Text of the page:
British consumers grew more pessimistic about the shape of the nation’s economy and about their personal finances in August as worries over Britain’s approaching exit from the European Union grew, according to a survey by market researchers GfK.

The data adds to a troubling picture for the U.K. economy, which unexpectedly shrank in the last quarter–the first contraction since the end of 2012–while the likelihood of a no-deal Brexit has increased in recent days, something economists fear could tip the economy into recession.

GfK’s indicator of consumer confidence slipped to minus 14 this month, the firm said Friday. That suggested a slight uptick in confidence last month was largely a blip in an otherwise downward trend in consumer sentiment. The figure also undershot the average forecast of economists polled by The Wall Street Journal who had predicted sentiment would rise to minus 10.

“Until Brexit leaves the front pages-whenever that will be-consumers can be forgiven for feeling nervous not just about the wider economy but also about their financial situation,” Joe Staton, client strategy director at GfK, said.

British consumers grew more pessimistic about how they expected the economy to perform and about how well-off they thought they would be over the next year. The drop in perceptions of personal finances was significant as the index has generally been weighed down by negative views about the wider economy, Mr. Staton said. A decline in how Britons see their own finances would pull the index sharply lower “to a level that approaches the worrying figures seen in the worst days of the 2008-09 financial crisis,” he said.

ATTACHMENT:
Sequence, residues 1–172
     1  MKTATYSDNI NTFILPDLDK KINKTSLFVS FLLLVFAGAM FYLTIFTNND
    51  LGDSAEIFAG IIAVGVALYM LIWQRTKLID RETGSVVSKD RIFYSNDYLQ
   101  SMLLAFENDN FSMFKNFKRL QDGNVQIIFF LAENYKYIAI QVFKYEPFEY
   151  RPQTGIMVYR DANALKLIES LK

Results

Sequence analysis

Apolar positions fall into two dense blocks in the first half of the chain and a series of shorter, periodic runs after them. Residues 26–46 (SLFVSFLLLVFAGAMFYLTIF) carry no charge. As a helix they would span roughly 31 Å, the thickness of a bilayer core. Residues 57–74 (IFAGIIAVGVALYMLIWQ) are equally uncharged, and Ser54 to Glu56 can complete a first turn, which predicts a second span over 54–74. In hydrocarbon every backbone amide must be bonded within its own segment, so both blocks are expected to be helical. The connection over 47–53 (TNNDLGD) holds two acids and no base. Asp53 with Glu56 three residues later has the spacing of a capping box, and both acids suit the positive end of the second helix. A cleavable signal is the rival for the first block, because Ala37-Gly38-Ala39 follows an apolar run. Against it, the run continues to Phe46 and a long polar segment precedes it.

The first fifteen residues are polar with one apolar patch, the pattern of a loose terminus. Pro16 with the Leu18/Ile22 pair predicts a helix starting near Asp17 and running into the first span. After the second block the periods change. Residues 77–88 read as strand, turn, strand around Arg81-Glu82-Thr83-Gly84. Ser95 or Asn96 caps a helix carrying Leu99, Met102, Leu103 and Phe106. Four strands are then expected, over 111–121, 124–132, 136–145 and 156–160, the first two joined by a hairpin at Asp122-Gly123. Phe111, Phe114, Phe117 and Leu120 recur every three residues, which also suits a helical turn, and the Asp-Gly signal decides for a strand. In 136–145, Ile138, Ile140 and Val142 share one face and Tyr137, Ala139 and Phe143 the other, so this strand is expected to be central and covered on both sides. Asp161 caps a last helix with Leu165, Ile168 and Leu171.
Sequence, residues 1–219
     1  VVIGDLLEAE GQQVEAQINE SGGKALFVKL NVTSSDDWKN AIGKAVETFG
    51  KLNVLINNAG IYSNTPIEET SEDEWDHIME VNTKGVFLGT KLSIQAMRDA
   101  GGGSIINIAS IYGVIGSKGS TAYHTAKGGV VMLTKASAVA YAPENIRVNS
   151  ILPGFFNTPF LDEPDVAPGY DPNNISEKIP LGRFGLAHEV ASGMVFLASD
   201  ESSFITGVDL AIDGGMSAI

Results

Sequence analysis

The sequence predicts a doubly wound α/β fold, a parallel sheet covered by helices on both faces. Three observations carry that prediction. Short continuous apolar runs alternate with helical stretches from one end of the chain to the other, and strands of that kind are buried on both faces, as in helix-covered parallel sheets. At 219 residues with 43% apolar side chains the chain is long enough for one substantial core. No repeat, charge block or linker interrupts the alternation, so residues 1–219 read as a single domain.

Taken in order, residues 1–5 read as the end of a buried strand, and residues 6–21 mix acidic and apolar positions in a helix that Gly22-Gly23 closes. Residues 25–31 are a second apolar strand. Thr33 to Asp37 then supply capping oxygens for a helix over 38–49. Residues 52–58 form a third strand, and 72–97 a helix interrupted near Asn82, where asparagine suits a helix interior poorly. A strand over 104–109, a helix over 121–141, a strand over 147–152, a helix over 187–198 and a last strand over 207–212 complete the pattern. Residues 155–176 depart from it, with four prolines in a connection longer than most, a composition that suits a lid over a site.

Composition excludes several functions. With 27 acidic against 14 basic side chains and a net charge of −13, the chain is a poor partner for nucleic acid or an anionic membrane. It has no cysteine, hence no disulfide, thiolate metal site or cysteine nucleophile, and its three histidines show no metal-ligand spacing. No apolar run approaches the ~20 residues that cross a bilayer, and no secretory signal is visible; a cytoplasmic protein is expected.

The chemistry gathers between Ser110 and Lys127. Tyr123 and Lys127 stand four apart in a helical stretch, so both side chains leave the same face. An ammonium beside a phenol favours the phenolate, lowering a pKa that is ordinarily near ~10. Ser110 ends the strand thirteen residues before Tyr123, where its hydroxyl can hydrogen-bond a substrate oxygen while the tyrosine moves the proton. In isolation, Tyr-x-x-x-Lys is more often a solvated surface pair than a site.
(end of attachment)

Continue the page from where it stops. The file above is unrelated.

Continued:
GfK’s August survey was the first that had been conducted since Boris Johnson became the U.K.’s new prime minister. Mr. Johnson has adopted a tougher stance in negotiations with the EU on Brexit and has pledged to take the U.K. out of the bloc, “do or die,” on Oct. 31. That includes, if necessary, the option of not having an agreement governing the U.K.’s future trading relationship with the EU, something economists have warned could harm growth.

While Brexit uncertainty has held back business spending, consumer spending has largely held up. GfK’s data, however, showed signs that trend could be changing, Gabriella Dickens, assistant economist at Capital Economics, said.

“Strong employment and wage growth suggest consumers have the ability to spend, although their willingness to spend may falter if the chances of a no-deal Brexit rise further,” she said.

The GfK survey of 2,000 people was conducted between August 1 and 14 and was carried out on behalf of the European Commission.

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